Changing Perspectives

By Mariam Admasu

I am back in Ethiopia in less than a year. Last year I was in Ethiopia as a graduation gift from my parents. I was doing a lot of traveling, hanging out with family and spending money. This year, I am here for reasons far beyond that. I am working for a non-profit organization, and in the process, learning about myself, my culture, and life in Ethiopia – I have seen myself growing and becoming better person in all aspects. New year, new me.


We’re on our second month now and I’ve never been here longer than three months. In these two months I have found myself outside of my comfort zone. Prior to being a fellow, whenever I came to Ethiopia, I would stay with my family and be surrounded by family all the time. My cousins had cars so I had transportation and a built-in network of friends. As I am finishing up month two, I realize how much I depended on my family for everything in Ethiopia.


“After a plenty of encounters with locals, the big question is ‘Why do you want to come to Ethiopia?’”


This journey has also led me to stop and question a few things. What does it mean to be Ethiopian? What does it means to be Ethiopian-American? What does it means to be a diaspora? The Ethiopian Diaspora is a fairly new concept considering the fact that a majority of Ethiopians left the country in the 80’s. After a plenty of encounters with locals, the big question is “why do you want to come to Ethiopia?” People have a hard time understanding why I would choose Ethiopia, because the fairytale idea is that America means money. I’ve been to Ethiopia six times before, but this time around I have been questioned the most about why I am here and what I am here for.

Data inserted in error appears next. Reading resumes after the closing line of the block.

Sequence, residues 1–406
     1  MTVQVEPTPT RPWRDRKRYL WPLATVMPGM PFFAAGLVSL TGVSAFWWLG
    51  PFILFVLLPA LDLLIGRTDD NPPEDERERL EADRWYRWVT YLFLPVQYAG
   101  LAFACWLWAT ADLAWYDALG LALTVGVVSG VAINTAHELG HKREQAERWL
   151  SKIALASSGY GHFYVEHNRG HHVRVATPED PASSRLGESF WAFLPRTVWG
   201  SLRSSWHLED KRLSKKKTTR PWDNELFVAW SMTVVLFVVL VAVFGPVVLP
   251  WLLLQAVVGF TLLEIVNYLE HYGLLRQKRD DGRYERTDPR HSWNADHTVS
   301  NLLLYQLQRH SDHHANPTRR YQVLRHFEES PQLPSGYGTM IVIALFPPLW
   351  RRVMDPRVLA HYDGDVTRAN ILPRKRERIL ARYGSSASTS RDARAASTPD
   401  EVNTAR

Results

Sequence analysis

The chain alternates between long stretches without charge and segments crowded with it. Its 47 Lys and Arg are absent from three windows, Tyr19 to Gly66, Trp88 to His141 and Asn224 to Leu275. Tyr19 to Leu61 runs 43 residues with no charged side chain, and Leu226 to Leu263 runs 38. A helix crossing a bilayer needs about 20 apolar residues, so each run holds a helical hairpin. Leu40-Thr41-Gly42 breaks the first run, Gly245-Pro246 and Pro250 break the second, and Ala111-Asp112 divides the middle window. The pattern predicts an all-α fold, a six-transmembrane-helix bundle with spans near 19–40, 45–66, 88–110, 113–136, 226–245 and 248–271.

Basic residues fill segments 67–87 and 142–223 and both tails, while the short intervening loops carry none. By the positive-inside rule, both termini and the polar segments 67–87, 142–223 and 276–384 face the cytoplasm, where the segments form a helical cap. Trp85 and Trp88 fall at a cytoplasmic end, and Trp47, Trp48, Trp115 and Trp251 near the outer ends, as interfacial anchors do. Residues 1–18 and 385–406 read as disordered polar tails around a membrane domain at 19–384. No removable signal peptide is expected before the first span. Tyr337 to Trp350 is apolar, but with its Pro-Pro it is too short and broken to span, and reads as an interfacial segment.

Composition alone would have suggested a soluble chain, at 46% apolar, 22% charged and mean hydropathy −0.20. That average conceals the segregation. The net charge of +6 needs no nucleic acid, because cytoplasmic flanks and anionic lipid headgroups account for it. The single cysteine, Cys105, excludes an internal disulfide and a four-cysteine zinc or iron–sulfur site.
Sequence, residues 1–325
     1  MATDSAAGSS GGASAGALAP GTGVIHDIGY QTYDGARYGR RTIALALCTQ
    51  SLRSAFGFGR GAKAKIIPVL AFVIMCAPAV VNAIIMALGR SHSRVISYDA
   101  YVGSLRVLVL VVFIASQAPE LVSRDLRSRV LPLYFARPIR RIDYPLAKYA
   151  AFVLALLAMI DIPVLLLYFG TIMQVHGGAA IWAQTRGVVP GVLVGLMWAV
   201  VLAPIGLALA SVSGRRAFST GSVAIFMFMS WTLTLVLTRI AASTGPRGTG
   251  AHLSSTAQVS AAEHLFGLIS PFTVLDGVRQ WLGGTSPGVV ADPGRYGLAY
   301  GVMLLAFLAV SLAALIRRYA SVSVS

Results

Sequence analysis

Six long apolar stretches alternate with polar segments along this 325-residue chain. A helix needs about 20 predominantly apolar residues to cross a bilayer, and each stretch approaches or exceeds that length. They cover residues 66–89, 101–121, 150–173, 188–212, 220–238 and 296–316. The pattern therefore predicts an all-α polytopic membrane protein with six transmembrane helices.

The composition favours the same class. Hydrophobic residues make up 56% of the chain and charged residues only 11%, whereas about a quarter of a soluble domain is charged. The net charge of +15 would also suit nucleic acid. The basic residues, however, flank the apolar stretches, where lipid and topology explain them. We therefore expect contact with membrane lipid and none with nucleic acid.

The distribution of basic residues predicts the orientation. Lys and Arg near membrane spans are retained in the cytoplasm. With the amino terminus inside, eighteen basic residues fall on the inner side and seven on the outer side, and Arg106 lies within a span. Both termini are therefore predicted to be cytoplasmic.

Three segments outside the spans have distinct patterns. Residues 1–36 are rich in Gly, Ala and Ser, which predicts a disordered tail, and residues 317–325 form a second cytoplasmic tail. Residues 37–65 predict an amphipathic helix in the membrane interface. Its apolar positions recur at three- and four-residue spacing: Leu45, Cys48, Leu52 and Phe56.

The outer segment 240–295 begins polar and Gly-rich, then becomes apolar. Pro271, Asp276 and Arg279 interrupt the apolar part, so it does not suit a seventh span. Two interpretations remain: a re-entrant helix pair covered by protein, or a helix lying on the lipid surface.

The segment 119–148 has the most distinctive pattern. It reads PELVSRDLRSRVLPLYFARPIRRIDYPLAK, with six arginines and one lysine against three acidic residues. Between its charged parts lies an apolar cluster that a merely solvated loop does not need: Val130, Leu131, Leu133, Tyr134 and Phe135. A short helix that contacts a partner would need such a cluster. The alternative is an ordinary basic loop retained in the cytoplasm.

I‘ve had time to work with local Ethiopians in all facets of life. I currently serve at International Leadership Academy of Ethiopia (ILAE). I love the fact that this school is very progressive and the teachers think outside the box. I am impressed by how ILAE incorporates experiential learning and community service for their students. It gives the students opportunities to grow through real life experiences. This year, I’m working with the seniors and most of my work focuses on helping them with college and career planning. The students have so much potential but there is a huge gap in resources. During my time at ILAE, I am hoping to build a foundation for the incoming juniors and seniors to have a place to start when looking at their future. For a start-up, this school has made tremendous strides towards success and I’m excited to see what is in store for the future.


“Being forced to be independent has taught me more about the culture, the people of the country and my own future. I look forward to learning more about myself, my culture, and life in Ethiopia.”

The views and opinions expressed in this article are those of the authors and do not necessarily reflect the official policy or position of Ethiopian Diaspora Fellowship the organization and the leadership.


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